This is one of our most requested potluck items and a winner with our Farmer's Market attendees! After all it includes one of Firefly Farms' Picnic or Boston Butt roasts cooking for nearly 6 hours until it is so juicy and tender that a fork brushing against it will easily shred the meat. Combined with fresh ingredients to make lettuce wraps and you have a delicious morsel that will make you want to go back even past the point of being sated. So if you like slow roasted pork, ginger, scallions, rice, hot sauces, and lettuce wraps this is the perfect recipe for you!
Is this good? Grown men have wept for joy at first bite.
The pork takes a long time to cook, but it's totally hands-off cooking. This recipe begs for spice, but the sides make it optional.
We didn't have half the accompaniments and it was still fantastic. You cannot lose!
This is hand food. Along with plenty of napkins you may want:
Ssam Sauce - See below.
Ginger-Scallion Sauce - You make this.
Ssamjang bean-and-chili paste
Sriracha - Available everywhere. It is sooooo.... good.
Pickled Watermelon Rind - If you plan in advance you can make Momofuku's Pickled Watermelon Rind and other pickles by following this link: Momofuku's Pickles
Fresh cilantro - Wonderful for those of us who like it!
Serves 6 to 10
INGREDIENTS FOR BO SSAM
1 whole Firefly Farms bone-in pork butt or picnic ham (8 to 10 pounds)
1 cup white sugar
1 cup plus 1 tablespoon kosher salt(Do not substitute regular salt! It will be too salty to eat. The salt in the original recipe is Diamond kosher salt which can be used in the 1:1 ratio. If using Morton, go closer to 1/2 cup per cup of sugar; if using table salt, somewhere around 1/3 is more suitable.)
7 tablespoons brown sugar
Ginger-Scallion Sauce Recipe
If you make this a day ahead, it allows the flavors to blend.
2½ cups thinly sliced scallions, both green and white parts (I know this sounds like a lot of scallions and ginger. You will want that much. Maybe more. It is that tasty. Some folks serve it as a side dish.)
½ cup peeled, minced fresh ginger (Peeling bigger roots is easier. Try using a grater for smaller roots.)
¼ cup neutral oil (like grapeseed oil)
1½ teaspoons light soy sauce (I used full strength Golden Mountain. Light is not necessary.)
1 scant teaspoon sherry vinegar
½ teaspoon kosher salt, or to taste
Ssam Sauce Recipe
2 tablespoons fermented bean-and-chili paste (ssamjang or gochujang, available in many Asian markets, and online)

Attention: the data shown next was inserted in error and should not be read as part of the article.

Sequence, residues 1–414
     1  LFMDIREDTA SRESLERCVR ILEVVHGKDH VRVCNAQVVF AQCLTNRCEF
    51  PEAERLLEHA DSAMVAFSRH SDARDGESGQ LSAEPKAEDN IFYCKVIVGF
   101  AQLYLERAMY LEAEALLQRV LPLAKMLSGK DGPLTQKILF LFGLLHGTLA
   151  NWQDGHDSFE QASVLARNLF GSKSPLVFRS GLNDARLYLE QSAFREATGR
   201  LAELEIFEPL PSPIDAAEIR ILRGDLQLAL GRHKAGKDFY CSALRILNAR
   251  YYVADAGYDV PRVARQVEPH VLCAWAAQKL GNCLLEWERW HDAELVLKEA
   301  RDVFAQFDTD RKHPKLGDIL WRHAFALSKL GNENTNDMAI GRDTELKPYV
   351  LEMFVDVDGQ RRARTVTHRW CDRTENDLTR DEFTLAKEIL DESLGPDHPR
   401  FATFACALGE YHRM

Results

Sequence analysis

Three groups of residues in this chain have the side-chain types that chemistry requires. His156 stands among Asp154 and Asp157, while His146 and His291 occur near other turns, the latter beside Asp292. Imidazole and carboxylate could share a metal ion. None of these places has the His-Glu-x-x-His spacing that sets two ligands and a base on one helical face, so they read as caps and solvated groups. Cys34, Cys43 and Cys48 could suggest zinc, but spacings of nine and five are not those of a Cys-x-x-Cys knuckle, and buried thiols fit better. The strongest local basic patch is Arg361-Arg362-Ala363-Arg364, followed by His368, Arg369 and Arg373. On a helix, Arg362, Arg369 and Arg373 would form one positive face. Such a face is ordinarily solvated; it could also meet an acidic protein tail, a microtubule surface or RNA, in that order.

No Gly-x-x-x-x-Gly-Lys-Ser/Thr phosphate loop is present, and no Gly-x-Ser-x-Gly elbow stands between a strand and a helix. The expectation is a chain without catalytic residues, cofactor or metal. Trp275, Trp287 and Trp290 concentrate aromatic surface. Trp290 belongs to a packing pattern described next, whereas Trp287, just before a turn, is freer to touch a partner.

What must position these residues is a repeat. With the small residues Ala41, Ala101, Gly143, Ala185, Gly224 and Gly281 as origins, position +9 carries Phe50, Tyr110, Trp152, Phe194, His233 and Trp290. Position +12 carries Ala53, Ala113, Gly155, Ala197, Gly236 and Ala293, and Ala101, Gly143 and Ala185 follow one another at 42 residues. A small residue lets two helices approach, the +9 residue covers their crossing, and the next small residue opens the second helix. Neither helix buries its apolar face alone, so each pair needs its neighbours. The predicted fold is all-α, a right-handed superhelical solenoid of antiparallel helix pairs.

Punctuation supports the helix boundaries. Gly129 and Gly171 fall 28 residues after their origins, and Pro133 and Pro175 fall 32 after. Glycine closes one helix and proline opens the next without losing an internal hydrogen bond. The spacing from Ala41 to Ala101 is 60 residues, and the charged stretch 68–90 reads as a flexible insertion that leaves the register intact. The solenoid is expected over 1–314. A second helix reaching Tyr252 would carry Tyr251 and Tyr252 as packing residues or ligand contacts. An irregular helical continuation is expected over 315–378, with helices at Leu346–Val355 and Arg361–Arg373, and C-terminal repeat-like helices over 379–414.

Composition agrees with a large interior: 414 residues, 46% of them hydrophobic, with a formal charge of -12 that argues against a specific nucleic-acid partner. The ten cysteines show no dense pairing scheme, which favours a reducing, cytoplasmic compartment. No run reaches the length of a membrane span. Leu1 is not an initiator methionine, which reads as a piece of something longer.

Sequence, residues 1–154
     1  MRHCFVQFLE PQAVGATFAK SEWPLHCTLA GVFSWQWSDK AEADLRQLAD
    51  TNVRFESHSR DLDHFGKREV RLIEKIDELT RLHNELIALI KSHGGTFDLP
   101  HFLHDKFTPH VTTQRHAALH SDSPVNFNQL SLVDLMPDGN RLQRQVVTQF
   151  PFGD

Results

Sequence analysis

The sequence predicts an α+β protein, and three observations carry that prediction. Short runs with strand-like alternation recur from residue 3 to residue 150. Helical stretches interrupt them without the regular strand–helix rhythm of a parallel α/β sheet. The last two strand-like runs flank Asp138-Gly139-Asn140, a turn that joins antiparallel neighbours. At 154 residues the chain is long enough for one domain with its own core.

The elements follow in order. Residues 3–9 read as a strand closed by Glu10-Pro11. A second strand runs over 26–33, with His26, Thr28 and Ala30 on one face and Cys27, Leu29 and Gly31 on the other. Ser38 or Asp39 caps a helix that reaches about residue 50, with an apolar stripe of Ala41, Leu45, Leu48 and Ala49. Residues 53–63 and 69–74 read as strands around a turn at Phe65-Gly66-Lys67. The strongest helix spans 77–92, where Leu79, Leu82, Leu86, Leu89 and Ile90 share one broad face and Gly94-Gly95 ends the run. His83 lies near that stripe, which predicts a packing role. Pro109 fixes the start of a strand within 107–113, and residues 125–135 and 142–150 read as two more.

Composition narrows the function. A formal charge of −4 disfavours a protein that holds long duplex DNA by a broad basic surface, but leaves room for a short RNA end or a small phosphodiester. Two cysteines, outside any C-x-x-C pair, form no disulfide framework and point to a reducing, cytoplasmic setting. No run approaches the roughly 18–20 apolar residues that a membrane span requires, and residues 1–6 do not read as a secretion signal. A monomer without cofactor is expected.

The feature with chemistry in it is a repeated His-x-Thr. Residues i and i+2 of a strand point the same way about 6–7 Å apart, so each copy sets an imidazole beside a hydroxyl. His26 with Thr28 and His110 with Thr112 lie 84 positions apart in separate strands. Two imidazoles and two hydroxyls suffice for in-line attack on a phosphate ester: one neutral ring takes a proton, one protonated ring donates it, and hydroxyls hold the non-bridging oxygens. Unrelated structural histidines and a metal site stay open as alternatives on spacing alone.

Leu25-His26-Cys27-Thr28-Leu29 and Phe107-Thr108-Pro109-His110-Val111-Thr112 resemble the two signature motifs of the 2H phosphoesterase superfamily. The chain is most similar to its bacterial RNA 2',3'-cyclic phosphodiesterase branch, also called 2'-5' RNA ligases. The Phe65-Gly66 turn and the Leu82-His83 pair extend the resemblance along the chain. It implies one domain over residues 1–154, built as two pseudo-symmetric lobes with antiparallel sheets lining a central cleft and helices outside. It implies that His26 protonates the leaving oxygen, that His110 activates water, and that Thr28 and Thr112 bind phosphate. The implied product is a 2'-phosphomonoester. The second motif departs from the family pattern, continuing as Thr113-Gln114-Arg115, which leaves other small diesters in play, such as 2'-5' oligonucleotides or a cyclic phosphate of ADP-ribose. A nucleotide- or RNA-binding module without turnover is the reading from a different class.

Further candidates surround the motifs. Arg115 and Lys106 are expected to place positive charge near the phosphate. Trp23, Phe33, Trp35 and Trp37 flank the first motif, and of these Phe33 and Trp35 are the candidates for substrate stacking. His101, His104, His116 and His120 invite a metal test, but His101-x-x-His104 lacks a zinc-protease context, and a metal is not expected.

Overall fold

1 tablespoon chili paste (kochujang, available in many Asian markets and online)
½ cup sherry vinegar
½ cup neutral oil (like grapeseed oil)
2 cups plain white rice, cooked
3 heads bibb lettuce, leaves separated, washed and dried (These are your "wraps" for the meat.)
Kimchi (available in many Asian markets and online)
1. Place the pork in a large, shallow bowl. Mix the white sugar and 1 cup of the salt together in another bowl, then (really) rub the mixture all over the meat. This is dry brining. Cover it with plastic wrap and place in the refrigerator for at least 6 hours or overnight. We did overnight.
2. When you’re ready to cook, heat oven to 300 F. Remove pork from refrigerator and discard any juices. [Note from The Bitten Word: At this point, also discard any excess salt and sugar that's on the pork. Just wipe it away with your hands.] Place the pork in a roasting pan and set in the oven and cook for approximately 6 hours, or until it collapses, yielding easily to the tines of a fork. (After the first hour, baste hourly with pan juices.) At this point, you may remove the meat from the oven and allow it to rest for up to an hour.
3. Meanwhile, if you didn't make it yesterday, make the ginger-scallion sauce. In a large bowl, combine the scallions with the rest of the ingredients. Mix well and taste, adding salt if needed.
4. Make the ssam sauce. In a medium bowl, combine the chili pastes with the vinegar and oil, and mix well.
5. Prepare rice, wash lettuce. Put kimchi and sauces into serving bowls.
6. When your accompaniments are prepared and you are ready to serve the food, turn oven to 500 F. In a small bowl, stir together the remaining tablespoon of salt with the brown sugar. Rub this mixture all over the cooked pork. (Do not build it up on the meat. This is not cinnamon toast.) Place in oven for approximately 10 to 15 minutes, or until a dark caramel crust has developed on the meat. Serve hot, with the accompaniments. Allow me to quote the Times: What is necessary: close attention to the final disposition of the pork itself, when you return it to the oven to build its crust. “Once that last bit of sugar and salt is on there and the meat is back in a hot oven,” Chang says, “you want to watch it carefully. You’re not looking for a color so much as for the moment when the fat and the skin begins to fluff up a little. It’s not so much about the sugar caramelizing as it is about the fat starting to bubble.” When that happens — Chang calls it the soufflé effect — you are ready to go.
This is a communal dish. You are making a Korean lettuce wrap to eat with your hands. Please put the meat on the table with its supporting cast. Fork pieces of the meat off and place them on the lettuce leaves. Add the accompaniments. Enjoy the different textures and flavors. Prepare to be amazed.